DAYTONA BEACH, Fla. (Reuters) - Robert Walker began to wonder about his plan to ride out Hurricane Matthew in his seaside apartment in Daytona Beach, Florida, when it began to rain indoors.
“It sounded like a jet airplane coming over. I was scared,” Walker, a 51-year-old mechanic, as he stood in front of the two-story building whose roof had been peeled back by the storm. Much of its remains lay in an adjoining parking lot.
“It took our roof right off. We were getting rained on,” said his neighbor, Michael Dellapuerta, a 49-year-old swimming pool installer. The two men recounted fleeing the building and hiding in a sheltered outdoor stairway during the height of the storm.
Matthew, which killed more than 800 people in Haiti before pounding Florida on Friday, was forecast to churn up the coast of the U.S. Southeast, bringing fierce winds and driving rain, to coastal Georgia and South Carolina before heading out to sea on Sunday.
State officials had urged residents of coastal areas to evacuate ahead of the storm, which had been as strong as Category 4 on the five-step Saffir-Simpson scale before reaching the United States.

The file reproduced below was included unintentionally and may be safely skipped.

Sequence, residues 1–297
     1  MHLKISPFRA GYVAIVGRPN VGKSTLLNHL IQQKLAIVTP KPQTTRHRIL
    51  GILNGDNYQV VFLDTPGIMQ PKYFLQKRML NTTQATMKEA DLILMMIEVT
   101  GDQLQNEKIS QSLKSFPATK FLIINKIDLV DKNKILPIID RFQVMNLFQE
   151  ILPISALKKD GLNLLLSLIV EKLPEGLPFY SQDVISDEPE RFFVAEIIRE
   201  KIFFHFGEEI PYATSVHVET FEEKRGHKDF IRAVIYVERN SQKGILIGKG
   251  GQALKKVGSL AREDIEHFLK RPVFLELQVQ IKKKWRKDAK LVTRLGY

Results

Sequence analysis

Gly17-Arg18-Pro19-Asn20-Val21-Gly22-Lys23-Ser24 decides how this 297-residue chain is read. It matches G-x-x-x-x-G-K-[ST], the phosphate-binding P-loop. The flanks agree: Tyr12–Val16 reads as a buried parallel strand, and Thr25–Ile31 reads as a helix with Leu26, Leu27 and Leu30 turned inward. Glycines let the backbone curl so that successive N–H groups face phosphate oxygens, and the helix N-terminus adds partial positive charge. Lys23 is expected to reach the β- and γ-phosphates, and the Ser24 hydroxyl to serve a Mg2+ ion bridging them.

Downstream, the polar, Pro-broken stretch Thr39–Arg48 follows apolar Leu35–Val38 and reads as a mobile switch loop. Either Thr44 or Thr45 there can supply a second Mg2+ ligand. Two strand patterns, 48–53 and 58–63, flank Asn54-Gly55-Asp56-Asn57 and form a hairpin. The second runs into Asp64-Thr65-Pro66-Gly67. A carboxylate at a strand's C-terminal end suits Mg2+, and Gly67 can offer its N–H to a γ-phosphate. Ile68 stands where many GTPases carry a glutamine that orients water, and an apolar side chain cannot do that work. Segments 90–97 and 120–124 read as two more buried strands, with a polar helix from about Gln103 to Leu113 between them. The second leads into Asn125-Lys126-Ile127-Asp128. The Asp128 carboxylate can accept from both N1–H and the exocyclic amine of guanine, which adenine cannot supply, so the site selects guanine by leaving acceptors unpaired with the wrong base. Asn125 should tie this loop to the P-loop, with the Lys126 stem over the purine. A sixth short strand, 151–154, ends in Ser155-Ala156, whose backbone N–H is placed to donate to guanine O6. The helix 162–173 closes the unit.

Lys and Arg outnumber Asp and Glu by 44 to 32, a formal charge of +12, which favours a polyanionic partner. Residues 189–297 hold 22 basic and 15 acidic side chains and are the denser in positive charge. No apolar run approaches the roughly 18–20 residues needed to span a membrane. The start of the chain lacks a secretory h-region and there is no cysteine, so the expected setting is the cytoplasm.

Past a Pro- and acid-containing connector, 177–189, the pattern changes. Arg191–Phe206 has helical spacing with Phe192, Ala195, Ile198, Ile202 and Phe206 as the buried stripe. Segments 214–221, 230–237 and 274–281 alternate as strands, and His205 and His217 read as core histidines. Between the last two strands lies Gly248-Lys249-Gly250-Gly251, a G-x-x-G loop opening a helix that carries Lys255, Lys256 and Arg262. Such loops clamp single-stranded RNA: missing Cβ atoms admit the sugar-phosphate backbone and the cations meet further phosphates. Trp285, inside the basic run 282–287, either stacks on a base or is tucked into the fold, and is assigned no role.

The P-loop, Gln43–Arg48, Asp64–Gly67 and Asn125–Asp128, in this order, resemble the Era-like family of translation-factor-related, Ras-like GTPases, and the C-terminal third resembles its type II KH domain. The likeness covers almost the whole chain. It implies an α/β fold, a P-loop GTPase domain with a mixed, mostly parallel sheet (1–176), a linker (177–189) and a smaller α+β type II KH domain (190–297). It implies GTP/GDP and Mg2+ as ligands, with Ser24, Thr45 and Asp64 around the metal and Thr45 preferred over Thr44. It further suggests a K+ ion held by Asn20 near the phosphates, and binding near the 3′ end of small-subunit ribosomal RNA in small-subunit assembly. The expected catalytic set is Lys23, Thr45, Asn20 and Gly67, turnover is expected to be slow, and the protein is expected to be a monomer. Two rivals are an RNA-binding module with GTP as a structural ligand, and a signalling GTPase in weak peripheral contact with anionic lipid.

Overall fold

But many residents of this popular tourist destination, known for its beaches and auto raceway, said concern for their property, pets or ailing loved ones prompted them to remain during a storm that ripped the facades off buildings, downed trees and light poles and brought a storm surge that pounded waterfront hotels.
Under Daytona Beach’s iconic “World’s Most Famous Beach” sign, the street was clogged with debris washed up by the ocean. The waves had receded by early afternoon, but widespread damage was evident.
The pavilion of a gas station flattened by winds. Power was out throughout the city, and most businesses were closed.
“It was a little scary. I could hear the shingles coming off the roof, and I knew I couldn’t do anything about it. I felt a little bit helpless,” said Sam Brayla, 65, who remained in his home with his wife and dog. “It started to rain in the house for a while. I was running around with buckets to save what I could.”
John Sidor, a 43-year-old motorcycle mechanic, said that he and his wife had opted to ride out the storm with their two dogs and two cats, in part because they were concerned about trying to evacuate with their animals.
“It took a long time to make the decision. We spent five days thinking about it. But in the end we thought we’d be OK,” said Sidor, who added that they decided to remain behind in part because their house was surrounded by a concrete wall that offered protection from flying debris. “It was OK in the end.”
Others were less lucky. Lester Vega, 52, surveyed the wreckage of his car, which was crushed when the roof of his apartment building landed on it, parked in the building’s courtyard.
“I thought that was a safe place to park, I thought it would be protected here,” Vega said, standing surrounded by debris. “No car but mine was hit. And it’s totaled.”
Reporting by Scott Malone; Editing by Frank McGurty and Cynthia Osterman